Danish GPs can volunteer to take on more or less responsibility within this scheme and receive a higher rate of payment for after-hours than for normal care. Capitation does not apply to after-hours care. The first line of contact is a regional telephone service, with a GP deciding whether to refer the patient for a home visit or to an after-hours clinic.
In Ireland at present you will find GPs working in hospital EDs but they are doing locum work or filling in for someone; the Danish system encourages GPs to work as primary care doctors in the hospital setting with autonomy.
In America, I have been involved with a programme run in Maryland and Washington DC which has also shifted the focus to primary care under the CareFirst programme. The population affected here was just under 4million, so similar in size to Ireland. Patients in these regions have experienced 15% fewer hospital admissions, 13% fewer emergency room visits and 6.2% fewer days in the hospital recorded per 1,000 patients.
So how can Ireland introduce systems similar to those found in Denmark and in Maryland?
Ireland can work on preventative healthcare as a means to reducing waiting times and taking people out of the hospital system when possible by shifting the financial focus from boosting the acute hospital sector to bolstering the primary care sector.
This can be gradual change but it is firmly rooted in population health and depending on funding on a phased geographic basis. Your Sláintecare report should be seen as a journey to a destination. This is the approach that works best.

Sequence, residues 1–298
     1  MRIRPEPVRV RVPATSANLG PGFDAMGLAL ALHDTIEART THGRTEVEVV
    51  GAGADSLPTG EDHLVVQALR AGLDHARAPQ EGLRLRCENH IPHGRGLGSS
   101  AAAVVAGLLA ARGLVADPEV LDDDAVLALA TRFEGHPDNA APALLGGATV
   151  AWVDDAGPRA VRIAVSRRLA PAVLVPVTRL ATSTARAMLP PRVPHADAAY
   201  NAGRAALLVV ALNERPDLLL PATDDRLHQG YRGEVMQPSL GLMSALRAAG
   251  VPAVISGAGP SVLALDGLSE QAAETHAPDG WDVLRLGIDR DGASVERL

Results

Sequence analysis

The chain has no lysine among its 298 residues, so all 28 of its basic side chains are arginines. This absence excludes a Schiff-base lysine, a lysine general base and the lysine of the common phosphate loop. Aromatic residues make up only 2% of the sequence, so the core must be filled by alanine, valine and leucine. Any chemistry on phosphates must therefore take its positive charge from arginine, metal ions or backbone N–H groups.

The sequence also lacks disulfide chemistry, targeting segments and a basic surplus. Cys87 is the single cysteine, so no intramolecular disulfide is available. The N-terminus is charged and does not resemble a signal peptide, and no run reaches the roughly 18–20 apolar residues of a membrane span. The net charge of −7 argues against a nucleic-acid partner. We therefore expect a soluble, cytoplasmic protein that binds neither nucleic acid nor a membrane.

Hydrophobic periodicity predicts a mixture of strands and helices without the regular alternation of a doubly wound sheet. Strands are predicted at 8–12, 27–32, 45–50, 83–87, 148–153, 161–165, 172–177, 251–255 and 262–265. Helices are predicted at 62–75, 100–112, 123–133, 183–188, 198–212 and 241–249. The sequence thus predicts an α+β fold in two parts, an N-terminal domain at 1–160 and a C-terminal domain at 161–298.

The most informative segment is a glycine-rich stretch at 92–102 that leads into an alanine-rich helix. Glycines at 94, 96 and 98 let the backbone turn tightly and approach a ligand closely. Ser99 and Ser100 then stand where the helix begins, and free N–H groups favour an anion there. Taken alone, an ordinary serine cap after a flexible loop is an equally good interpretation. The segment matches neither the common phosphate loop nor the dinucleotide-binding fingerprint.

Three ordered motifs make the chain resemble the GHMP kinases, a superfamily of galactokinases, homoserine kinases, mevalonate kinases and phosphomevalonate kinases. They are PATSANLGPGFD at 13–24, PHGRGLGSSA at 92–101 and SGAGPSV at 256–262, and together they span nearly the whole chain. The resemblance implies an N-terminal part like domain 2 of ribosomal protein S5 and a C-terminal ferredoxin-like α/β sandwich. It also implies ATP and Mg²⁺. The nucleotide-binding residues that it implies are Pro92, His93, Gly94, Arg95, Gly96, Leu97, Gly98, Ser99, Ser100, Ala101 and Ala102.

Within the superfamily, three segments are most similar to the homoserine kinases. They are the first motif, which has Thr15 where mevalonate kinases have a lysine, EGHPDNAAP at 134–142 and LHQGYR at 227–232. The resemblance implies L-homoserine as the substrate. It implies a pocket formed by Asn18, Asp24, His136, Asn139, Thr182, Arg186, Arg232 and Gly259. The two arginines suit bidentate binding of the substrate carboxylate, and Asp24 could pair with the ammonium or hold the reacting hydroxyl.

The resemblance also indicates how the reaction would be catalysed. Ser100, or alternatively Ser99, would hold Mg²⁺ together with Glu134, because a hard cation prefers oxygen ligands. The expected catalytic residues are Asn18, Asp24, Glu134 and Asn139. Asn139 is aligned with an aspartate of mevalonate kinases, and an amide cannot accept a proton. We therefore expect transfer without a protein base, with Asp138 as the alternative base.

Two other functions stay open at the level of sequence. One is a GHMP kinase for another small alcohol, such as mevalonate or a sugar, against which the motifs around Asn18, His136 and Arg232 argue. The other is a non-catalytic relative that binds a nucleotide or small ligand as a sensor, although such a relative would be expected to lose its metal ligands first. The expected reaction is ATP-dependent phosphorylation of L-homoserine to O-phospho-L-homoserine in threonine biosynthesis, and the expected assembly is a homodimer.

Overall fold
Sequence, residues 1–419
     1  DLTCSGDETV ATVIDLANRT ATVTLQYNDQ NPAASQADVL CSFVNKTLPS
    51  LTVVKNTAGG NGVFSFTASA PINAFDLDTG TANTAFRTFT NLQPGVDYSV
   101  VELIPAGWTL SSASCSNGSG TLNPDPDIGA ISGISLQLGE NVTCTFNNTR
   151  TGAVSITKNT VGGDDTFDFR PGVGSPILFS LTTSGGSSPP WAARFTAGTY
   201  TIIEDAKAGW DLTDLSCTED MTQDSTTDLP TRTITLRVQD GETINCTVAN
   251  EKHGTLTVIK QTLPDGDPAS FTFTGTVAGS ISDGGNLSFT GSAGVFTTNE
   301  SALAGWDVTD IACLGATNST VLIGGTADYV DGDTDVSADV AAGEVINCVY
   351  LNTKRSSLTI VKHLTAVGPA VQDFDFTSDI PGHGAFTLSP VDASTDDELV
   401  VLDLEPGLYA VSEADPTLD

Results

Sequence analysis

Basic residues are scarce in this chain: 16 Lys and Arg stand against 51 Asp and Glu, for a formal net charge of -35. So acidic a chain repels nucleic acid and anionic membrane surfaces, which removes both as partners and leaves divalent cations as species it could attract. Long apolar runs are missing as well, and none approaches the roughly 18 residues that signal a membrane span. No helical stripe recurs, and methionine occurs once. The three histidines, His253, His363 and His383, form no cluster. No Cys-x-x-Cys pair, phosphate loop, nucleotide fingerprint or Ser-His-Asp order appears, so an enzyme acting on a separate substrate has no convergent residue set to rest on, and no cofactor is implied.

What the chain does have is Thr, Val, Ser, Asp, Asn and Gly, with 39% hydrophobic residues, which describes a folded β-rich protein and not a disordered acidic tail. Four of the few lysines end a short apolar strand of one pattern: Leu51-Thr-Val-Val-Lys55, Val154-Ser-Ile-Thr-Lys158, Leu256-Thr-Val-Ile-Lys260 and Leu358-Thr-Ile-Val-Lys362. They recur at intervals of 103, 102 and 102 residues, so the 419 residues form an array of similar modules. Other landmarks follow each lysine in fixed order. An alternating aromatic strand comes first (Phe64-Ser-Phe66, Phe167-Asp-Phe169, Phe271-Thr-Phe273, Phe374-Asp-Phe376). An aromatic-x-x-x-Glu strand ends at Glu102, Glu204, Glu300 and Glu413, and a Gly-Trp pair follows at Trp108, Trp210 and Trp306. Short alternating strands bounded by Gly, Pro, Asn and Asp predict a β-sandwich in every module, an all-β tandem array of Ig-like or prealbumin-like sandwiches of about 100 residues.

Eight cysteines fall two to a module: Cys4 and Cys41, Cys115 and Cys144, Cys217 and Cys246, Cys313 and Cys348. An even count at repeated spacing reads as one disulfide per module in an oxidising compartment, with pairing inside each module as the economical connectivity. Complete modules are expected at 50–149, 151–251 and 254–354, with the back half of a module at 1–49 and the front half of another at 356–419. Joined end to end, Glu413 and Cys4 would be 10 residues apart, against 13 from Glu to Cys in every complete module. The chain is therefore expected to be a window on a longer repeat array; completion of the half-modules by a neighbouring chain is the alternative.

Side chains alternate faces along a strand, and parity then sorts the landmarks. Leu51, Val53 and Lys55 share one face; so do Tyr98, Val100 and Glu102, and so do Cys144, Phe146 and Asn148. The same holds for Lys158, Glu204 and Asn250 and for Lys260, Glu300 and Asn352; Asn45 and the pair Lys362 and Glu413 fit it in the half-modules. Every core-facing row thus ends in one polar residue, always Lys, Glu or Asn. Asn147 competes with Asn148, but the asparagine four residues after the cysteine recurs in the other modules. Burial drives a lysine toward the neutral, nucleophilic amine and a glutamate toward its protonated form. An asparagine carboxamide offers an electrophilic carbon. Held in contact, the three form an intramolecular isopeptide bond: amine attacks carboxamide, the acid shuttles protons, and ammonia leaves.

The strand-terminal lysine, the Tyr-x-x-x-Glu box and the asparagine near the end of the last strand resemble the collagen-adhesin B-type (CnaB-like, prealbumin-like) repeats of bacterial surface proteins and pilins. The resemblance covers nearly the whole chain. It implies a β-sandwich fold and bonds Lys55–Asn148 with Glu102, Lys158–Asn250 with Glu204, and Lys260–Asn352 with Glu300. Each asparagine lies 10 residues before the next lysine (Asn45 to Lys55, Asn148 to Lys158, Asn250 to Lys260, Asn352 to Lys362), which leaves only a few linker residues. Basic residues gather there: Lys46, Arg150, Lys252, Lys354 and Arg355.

Looking to Denmark, they simply started off and built on the foundation of comprehensive integrated accessible and coordinated care.
The ‘Healthcare in Denmark’ report says: ‘The GP is responsible for ensuring that patients are offered the best possible and most appropriate treatment. The GPs are assisted by diagnostic and specialist support from the hospitals in the form of laboratory analyses, scans and X-rays.’
The majority of Danish patients have free GP access, and also free access to homenursing when referred by a doctor. The report also emphasises the merging of hospitals into large specialised units following the increase in patient treatments in the community sector.
FUNDING primary care to the right level has not always gone smoothly, with one major report noting it is difficult to control spending in primary care as it is based on activity. The authors say that as GPs treat 90% of patients themselves, reducing their funding would have a negative impact on hospitals so it must be carefully monitored.
Another challenge has been recruiting doctors to this sector with just 19% of Danish medics working as GPs and the EU average is 29%. Record-keeping has proved to be a challenge with reports finding it can be difficult to track care between the primary system and the hospitals. These ‘PatientCentred Medical Homes’ work on strengthening the links between patients and primary care doctors, even down to the level of making sure patients know the name of every doctor they come across – not always easy in a large setting.
This was something taken from the Danish model. When I spoke with Danish patients every one of them knew the names of each primary care doctor or nurse who had treated them. And this increases trust which in turn makes it more likely patients will open up about worries and concerns.
Dr Paul Grundy is a member of the Institute of Medicine USA and received the prestigious Barbara Starfield Primary Care Leadership Award in 2016. He is collaborating with Kevin McGowan, Adjunct Associate Professor of eHealth, TCD.